Innovation wants outside investment; we’ve said it before.


Published 2nd May 23

By Mark Gostock, VP Commercialisation – Health and Wellbeing, Ploughshare

For spin-outs and innovation, it’s been a good couple of weeks – we’ve seen a rocket launch, DASA has been doing the rounds, and we’ve seen the importance of them further ratified by the publication of the University Spin-out Investment Terms Guide, or the USIT Guide.

The good of this new guide is that it is putting forward standardised ways to set up the spin-out process – fewer surprises down the line means that there will be happier founders, happier investors, and a happier all-around ecosystem.

However, this message is one that is repeated consistently: standardisation of terms, transparency, and impact. This isn’t a bad thing, and it shouldn’t be seen as such. If a Guide that is more focused on one area is setting out best practice is felt needed that is fairly in line with other available documents – such as Ploughshare’s own Playbook, for example – then there is another question to ask. That question is: why are these documents appearing in the first place, in multiple iterations, by multiple groups?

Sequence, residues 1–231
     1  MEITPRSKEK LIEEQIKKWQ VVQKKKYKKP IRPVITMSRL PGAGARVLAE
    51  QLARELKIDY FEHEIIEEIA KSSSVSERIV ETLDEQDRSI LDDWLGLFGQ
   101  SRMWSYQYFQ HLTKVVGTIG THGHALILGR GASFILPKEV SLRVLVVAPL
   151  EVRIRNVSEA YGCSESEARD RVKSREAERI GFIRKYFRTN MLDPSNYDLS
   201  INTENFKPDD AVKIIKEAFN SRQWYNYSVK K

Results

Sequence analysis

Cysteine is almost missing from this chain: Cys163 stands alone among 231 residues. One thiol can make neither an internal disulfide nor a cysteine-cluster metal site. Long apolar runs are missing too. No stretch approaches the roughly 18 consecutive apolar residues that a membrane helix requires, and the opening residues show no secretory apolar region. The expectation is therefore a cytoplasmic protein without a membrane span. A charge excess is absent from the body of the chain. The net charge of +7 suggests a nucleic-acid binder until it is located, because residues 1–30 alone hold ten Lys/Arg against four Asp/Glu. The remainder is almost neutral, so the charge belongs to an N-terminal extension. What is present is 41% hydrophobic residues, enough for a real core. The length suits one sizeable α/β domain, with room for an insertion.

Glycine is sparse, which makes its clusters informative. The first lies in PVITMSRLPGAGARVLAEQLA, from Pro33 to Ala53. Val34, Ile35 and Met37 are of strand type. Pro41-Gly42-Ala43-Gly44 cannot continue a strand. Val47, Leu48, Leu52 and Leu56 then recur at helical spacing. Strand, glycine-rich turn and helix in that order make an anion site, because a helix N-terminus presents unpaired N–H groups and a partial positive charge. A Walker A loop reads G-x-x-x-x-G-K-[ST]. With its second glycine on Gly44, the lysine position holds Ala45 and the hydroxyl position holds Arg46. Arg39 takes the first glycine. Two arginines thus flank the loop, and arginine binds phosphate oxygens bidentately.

It’s a shame that we – all these differing groups from varied areas within the innovation ecosystem – feel the need to keep making the same type of noise. It’s simply putting in more effort to constantly bang the drum for the open and clear involvement of external investors in innovation, as the first drumbeat hasn’t been fully acknowledged in the first place. But, if that effort is needed to push the message of innovation being there to not only positively impact the world, but also that innovation wants investment – then we have no choice but to continue.

The simple fact is that innovation is everywhere. Especially in our own government departments and universities. They’re hotbeds for problem solving, and for making a positive impact on the world. But these innovators, these business-leaders of the future, are being stymied by both access to privately held capital, and by access to business expertise from the outside world to help create and deliver value for not only their backers, but for the world at large. Openness from the outset such as described in this guide and our Playbook is critical here.

There is a deep, deep need for private investment to see that they have a very real opportunity to be there at the beginning of the next coming of microwave technology, or GPS technology, or the next discovery of penicillin. This increased interest will in turn motivate those in research to share it with the world in a hugely impactful way – as they will have belief behind them, which will drive them further forwards. Being open will only help this to develop further.

Hopefully this iteration of a spin-out guide shows investors, researchers, and business leaders the way forward – where investment is long-term focused, and paves the way for the longer future, rather than being focused on purely hypergrowth and profit.